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Paper title Different but Similar: Personality Traits of Surgeons and Internists
Paper code P44
  1. Martin N. Stienen Universitätsspital Zürich Speaker
  2. Felix Scholtes University Hospital of Liège, Liège, Belgium & Department of Neuroanatomy, Faculty of Medicine, University of Liège, Liège, Belgium
  3. Robin Samuel Research Unit INSIDE
  4. Alexander Weil University Hospital of Montréal, Montréal, Canada
  5. Astrid Weyerbrock Cantonal Hospital St.Gallen, St.Gallen, Switzerland
  6. Werner Surbeck Psychiatric Hosptal of the University of Zurich, Zurich, Switzerland
Form of presentation Poster
  • Joint SSNR | SSNS
Abstract text Aims: Medical practice may attract and possibly enhance distinct personality profiles. It was our objective to describe the personality profiles of surgical and medical specialties focusing on board-certified physicians.
Methods: A sample of 2345 board-certified physicians, 1453 residents and 1350 medical students in several European countries and Canada filled out the Ten-Item Personality Inventory (TIPI), an internationally validated measure of the Five Factor Model of personality dimensions. Differences in personality profiles were analyzed using MANOVA and Discriminant Function Analysis on age- and sex-standardized z-scores of the personality traits. Single personality traits were analyzed using robust t-tests.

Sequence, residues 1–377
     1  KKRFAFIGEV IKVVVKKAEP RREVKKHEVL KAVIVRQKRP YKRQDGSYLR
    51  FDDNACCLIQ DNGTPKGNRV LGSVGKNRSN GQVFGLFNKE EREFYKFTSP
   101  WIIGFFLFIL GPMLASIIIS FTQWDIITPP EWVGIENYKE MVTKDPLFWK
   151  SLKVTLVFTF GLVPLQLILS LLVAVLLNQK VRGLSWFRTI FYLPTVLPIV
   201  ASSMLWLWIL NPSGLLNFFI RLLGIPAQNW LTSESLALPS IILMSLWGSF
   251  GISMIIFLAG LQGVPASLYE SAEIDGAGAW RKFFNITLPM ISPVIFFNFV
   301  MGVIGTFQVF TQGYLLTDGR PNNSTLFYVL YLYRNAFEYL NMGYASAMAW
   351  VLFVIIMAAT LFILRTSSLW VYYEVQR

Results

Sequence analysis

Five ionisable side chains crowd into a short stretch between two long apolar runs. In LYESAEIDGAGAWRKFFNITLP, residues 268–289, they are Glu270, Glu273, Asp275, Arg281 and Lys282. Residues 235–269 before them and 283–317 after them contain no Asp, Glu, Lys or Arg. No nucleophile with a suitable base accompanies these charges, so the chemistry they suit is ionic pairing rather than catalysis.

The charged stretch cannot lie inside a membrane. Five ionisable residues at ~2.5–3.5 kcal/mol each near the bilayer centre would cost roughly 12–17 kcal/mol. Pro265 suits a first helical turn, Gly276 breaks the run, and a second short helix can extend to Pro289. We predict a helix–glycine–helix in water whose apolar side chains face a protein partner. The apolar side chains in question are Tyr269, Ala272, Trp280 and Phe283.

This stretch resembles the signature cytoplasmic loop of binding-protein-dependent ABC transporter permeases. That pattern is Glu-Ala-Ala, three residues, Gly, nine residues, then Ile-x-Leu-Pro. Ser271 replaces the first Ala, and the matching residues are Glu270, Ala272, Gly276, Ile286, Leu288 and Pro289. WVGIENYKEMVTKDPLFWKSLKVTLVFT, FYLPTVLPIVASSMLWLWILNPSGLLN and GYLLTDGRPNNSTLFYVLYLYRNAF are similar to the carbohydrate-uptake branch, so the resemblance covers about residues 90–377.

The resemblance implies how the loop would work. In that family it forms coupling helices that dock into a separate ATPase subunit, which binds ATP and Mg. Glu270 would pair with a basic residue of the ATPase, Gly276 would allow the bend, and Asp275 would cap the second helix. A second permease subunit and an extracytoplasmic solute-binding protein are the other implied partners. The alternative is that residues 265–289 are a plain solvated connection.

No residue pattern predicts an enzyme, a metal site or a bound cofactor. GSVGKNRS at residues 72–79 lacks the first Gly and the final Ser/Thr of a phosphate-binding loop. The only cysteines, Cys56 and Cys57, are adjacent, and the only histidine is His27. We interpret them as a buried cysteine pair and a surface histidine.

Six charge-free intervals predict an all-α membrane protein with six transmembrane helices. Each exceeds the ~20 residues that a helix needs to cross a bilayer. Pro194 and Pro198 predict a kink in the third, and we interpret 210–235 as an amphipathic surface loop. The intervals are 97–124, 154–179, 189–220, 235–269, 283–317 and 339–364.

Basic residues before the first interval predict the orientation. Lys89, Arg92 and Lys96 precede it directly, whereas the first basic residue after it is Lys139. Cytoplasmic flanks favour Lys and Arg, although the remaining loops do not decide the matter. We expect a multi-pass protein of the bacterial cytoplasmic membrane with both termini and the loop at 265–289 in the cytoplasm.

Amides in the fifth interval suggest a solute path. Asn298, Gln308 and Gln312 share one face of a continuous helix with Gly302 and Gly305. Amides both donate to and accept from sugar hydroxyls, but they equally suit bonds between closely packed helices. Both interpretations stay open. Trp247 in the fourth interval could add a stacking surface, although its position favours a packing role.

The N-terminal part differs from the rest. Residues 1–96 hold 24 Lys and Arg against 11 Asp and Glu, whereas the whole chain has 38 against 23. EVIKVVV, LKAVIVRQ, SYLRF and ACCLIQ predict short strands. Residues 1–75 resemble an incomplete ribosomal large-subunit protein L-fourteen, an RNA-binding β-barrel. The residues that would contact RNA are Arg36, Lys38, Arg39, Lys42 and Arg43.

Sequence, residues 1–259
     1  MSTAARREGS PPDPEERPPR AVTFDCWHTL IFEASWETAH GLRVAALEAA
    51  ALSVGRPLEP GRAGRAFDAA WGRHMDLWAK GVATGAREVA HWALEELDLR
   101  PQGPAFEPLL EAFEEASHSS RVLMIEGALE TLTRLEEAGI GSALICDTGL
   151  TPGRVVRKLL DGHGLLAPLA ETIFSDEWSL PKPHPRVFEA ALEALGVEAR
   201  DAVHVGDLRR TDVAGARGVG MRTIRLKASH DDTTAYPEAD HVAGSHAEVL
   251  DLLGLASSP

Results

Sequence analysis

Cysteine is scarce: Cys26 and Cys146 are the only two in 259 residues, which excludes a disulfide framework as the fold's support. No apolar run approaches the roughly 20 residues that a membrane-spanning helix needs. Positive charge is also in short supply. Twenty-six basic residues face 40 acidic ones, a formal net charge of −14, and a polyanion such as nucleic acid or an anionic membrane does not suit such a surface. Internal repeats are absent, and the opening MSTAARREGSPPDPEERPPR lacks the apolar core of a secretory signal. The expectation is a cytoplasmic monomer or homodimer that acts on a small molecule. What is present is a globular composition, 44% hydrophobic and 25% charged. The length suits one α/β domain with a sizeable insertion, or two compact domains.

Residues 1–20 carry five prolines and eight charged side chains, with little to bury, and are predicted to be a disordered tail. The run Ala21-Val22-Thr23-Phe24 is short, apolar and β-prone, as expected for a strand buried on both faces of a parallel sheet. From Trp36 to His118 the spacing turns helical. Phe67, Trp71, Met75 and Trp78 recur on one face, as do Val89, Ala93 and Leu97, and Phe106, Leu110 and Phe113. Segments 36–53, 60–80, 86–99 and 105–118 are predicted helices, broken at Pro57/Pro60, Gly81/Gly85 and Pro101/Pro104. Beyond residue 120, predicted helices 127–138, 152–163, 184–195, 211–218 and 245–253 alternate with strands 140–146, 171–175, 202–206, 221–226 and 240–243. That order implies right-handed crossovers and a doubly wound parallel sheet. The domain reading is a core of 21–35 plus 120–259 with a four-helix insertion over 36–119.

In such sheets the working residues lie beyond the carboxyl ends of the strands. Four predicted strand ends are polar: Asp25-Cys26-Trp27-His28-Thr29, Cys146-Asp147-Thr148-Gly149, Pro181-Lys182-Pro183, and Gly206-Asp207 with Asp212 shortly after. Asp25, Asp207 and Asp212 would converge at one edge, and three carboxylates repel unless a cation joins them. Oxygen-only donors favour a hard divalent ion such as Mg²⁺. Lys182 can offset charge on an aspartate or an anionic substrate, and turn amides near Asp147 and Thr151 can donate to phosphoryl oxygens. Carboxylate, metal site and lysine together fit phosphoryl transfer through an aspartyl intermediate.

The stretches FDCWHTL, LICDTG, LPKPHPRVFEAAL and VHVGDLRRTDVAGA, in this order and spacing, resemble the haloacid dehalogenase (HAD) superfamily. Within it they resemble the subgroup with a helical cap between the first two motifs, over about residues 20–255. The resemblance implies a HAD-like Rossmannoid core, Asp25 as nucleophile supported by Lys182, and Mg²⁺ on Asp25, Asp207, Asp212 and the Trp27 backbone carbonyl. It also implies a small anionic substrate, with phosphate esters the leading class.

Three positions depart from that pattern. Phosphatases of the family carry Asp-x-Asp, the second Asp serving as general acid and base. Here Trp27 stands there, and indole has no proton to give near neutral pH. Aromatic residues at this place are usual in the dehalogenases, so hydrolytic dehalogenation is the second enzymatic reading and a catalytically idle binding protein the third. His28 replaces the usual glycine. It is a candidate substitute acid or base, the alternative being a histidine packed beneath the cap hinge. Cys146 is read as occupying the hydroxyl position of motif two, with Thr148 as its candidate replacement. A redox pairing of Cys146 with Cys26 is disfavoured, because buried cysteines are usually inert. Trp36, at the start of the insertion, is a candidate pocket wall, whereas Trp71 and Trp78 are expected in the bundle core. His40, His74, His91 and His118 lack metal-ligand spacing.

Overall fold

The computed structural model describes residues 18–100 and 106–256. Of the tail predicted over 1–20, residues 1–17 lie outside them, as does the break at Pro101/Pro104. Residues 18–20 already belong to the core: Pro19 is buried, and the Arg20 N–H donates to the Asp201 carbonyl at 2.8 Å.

Results: Normal population and board-certified physicians’ personality profiles differed. The latter scored higher on conscientiousness, extraversion, and agreeableness, but lower on neuroticism. There was no difference in openness to experience. Board-certified surgical and medical doctors’ personality profiles were also different. Surgeons scored higher on extra-version and openness to experience, but lower on neuroticism. There was no difference in agreeableness and conscientiousness. These differences in personality profiles were reproduced at other levels of training, i.e., in students and training physicians engaging into surgical versus medical practice.
Conclusion: These results indicate the existence of a distinct and consistent average “physician personality”. Despite high variability within disciplines, there are moderate, but solid and reproducible differences between surgical and medical specialties.